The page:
Articles Posted in Special Needs Children

imagesCA88JHUN.jpgParents send their children to school with the expectation that they will be educated, not mistreated. Although teachers are given the authority to discipline children when they are acting out of order, the methods of physical restraint and seclusion have gone too far.

It was reported that Orange County schools have physically retrained 195 students approximately 1,910 times during this school year, a number that represents almost one quarter of the 8,222 cases reported in Florida. 2,944 disabled students were restrained by teachers who forced them to sit or lay face down on the floor. Teachers also used a strap-and-mat contraption to immobilize the children. Orange County educators claim that they only use the technique in emergencies with children who have behavior problems or engage in acts such as hitting, kicking, biting, or slapping themselves in the face. Many parents, disability advocates and law makers want to put an end to the retraining methods because it could traumatize and injure students. Also reported were 3,386 incidents of seclusion involving 1,047.

Parents of five-year-old Alex Ortaliz, a disabled child, were outraged when they found out that their child had been physically restrained against his will. Alex was born prematurely and suffered brain bleeds as an infant. He was the poster child for the United Cerebral Palsy charter school where he has excelled since age two. The teacher involved in the restraint claimed that Alex was acting out of control and dangerous.

leash%20metal%20close%20up.jpgSection 10-63 of the Gadsden County, Florida, Code of Ordinances, prohibits dogs on public places if not under direct control. For purposes of this section, “direct control” is defined as:

1. The immediate, continuous physical control of a dog at all times by means of a secure fence, leash, cord or chain, or other means of sufficient strength to restrain the dog and the dog is controlled by a person capable of restraining the dog. Or, the dog is safely and humanely secured within a vehicle.

2. There is an exception made for hunting dogs and specifically trained dogs.

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In a recent opinion-editorial (op-ed) piece on Jacksonville.com, a Jacksonville, Florida father shared his feelings about the alternative therapies his family pursued for their Autistic child. The man’s Autistic son has been through several alternative therapies for Autism, including vitamin supplements, B12 injections, hyperbaric oxygen therapy, anti-fungals, and other experimental, or alternative, Autism therapies. He reported that his family spent four years and thousands of dollars on what he termed an “uncontrolled, flawed experiment.”

He believes that the Defeat Autism Now! group and doctors and therapists who subscribe to its methods should be approached with caution. Doctors who are the foremost experts in the field of Autism and represent some of the most esteemed medical institutions in the world frequently criticize the group for promoting therapies that have no scientific basis. The man reports that his family decided to cease all experimental therapies several months ago and his son is progressing without any regression. He encourages families to seek therapies for their Autistic children that are based on sound medical evidence.

You can find out more about this family’s path to help their autistic son at Guest column: Be wary of alternative therapies for autism.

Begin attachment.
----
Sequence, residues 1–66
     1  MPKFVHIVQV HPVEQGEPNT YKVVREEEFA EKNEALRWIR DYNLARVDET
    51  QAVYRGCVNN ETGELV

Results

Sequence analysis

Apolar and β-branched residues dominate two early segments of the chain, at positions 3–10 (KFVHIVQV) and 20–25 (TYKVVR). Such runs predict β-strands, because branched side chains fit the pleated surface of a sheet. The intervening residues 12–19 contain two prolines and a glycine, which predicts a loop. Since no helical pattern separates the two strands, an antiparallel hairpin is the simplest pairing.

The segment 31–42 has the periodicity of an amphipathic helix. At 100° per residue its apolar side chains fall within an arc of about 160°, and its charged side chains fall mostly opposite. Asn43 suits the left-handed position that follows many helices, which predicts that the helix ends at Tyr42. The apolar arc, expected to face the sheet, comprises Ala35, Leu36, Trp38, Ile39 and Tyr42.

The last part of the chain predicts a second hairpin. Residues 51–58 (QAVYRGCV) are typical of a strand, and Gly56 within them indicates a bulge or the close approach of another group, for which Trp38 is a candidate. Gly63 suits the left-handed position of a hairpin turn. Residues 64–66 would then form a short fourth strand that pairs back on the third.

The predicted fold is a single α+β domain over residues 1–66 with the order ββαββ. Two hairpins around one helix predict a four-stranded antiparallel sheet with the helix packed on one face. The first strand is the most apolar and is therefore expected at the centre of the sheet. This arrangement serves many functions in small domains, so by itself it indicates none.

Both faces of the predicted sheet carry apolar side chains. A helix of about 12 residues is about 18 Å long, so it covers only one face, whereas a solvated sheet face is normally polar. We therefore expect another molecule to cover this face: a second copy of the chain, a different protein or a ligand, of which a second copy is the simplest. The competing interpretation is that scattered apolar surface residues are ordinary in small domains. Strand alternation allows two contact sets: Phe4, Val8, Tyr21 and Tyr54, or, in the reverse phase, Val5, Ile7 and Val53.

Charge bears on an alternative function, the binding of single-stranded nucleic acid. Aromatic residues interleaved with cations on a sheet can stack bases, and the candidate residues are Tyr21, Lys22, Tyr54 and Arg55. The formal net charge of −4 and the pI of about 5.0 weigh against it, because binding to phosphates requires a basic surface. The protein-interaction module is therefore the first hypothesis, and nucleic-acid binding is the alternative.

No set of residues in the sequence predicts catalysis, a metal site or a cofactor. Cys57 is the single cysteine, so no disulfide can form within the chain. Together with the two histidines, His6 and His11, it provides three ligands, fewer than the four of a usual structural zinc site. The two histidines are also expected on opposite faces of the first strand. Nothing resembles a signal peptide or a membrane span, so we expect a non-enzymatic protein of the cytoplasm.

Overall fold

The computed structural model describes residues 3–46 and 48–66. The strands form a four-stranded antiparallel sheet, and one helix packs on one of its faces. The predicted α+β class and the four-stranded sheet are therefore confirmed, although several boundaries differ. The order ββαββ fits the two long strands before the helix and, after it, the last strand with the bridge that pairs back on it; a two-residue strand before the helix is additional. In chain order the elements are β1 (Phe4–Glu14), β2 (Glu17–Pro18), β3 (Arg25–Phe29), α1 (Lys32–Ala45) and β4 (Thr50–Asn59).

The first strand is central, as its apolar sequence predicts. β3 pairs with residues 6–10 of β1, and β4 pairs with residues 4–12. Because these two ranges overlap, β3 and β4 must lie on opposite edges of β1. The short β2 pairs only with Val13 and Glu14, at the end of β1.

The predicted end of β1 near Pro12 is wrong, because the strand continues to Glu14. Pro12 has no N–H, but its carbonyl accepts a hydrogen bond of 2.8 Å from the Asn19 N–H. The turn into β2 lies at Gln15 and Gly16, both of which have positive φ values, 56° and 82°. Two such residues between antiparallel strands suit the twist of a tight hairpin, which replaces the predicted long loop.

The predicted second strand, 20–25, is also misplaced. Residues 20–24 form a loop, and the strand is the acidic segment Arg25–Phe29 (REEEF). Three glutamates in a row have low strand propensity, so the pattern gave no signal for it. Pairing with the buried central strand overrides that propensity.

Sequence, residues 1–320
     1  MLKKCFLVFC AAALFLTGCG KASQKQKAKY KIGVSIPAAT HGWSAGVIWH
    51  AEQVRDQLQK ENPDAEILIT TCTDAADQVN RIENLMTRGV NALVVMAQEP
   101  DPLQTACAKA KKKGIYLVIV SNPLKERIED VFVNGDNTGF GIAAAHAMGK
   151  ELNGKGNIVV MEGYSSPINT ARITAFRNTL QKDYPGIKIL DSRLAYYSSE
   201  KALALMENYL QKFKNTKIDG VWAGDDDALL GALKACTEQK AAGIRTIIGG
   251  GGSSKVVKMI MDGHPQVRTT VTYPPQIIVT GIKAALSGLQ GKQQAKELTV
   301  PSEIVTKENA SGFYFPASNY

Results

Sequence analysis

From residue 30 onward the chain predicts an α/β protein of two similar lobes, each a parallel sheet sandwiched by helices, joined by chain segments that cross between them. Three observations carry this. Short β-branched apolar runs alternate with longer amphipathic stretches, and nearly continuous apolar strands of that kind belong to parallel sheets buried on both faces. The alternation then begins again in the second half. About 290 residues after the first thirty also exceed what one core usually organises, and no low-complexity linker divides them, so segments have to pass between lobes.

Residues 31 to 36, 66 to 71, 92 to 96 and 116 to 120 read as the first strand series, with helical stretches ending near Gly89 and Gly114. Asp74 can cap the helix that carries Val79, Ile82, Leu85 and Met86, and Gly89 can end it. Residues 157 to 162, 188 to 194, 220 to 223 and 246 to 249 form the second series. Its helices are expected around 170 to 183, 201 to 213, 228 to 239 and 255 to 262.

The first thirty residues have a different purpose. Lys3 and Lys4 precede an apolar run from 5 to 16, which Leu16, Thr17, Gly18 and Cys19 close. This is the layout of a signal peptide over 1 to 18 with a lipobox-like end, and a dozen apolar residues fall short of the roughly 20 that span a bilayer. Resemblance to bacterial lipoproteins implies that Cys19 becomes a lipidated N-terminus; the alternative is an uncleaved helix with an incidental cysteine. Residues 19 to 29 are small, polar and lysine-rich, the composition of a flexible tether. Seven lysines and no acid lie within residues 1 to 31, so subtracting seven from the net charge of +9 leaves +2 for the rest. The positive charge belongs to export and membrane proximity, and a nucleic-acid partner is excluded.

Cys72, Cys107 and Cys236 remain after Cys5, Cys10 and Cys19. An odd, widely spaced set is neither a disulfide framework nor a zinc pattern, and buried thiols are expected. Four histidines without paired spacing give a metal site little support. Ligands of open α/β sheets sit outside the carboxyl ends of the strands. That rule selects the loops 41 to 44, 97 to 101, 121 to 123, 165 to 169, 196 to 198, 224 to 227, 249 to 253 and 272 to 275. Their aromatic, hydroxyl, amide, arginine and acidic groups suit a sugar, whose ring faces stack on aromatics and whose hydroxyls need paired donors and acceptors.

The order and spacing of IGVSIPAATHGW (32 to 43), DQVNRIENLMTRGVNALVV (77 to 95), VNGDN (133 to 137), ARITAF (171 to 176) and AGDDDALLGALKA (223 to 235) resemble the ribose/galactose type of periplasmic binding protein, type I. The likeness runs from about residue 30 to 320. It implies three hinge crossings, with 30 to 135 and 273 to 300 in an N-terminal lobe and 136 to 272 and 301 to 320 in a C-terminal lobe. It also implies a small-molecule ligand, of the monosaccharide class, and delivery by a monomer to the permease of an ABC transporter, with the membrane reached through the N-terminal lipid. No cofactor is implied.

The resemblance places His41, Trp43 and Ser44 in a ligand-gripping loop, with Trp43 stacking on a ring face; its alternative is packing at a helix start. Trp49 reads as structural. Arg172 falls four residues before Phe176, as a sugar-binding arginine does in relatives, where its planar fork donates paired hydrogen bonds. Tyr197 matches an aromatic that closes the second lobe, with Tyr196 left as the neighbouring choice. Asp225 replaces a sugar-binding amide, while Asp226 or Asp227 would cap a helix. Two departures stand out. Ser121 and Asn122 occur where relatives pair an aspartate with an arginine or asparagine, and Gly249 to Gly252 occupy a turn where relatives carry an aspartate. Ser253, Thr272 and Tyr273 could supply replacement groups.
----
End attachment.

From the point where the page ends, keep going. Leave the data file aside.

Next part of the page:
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Keitler Pierre-Louis shares his Broward, Florida home with thirteen family members, including five children, one with Down Syndrome. Pierre-Louis owns a home-improvement business, at which he employed most of his family members. When the economy went bad last year, his business dropped substantially and he and his family were unable to afford their mortgage payments. An attempt to negotiate with lenders ended in a loan modification scam that cost him $1,000. The family has officially been evicted from the home, but they don’t have anywhere else to go and are illegally camping out in the house, hoping they can stay beneath the radar until the financial crisis is over. They have been sleeping on the floor on air mattresses, which they pack away along with other essential items every morning when they leave. In the morning they go to the storage unit where they packed away their belongings to pick out clothes for the day. If they are caught, they have no money for other housing and will be forced to live in their cars or in the storage unit.

In 2009 there have been over one hundred thousand foreclosures filed in Broward, Miami-Dade and Monroe counties. That represents a six-fold increase over 2006. Most former homeowners move in with relatives, or wait out the process in their own homes, since a foreclosure in the overburdened system can now take more than a year from initial filing to final judgment. Children, especially special needs children, in these families are put at a great risk by their homelessness. In most cases the families are reluctant to contact state services because they are afraid their children will be taken away from them.

You can read more about the Pierre-Lois family and other Florida families who have lost their homes in the recession at American Dream strands South Florida family of 14.

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The State of Florida is having a serious revenue problem again this year. In 2009, the State of Florida cut billions of dollars to try to make ends meet, and may have to cut a billion more for 2010, even though the 2009 cuts were considered to be “down to the bone.” Social services officials and volunteers are begging the legislature not to cut even more of their funding for 2010.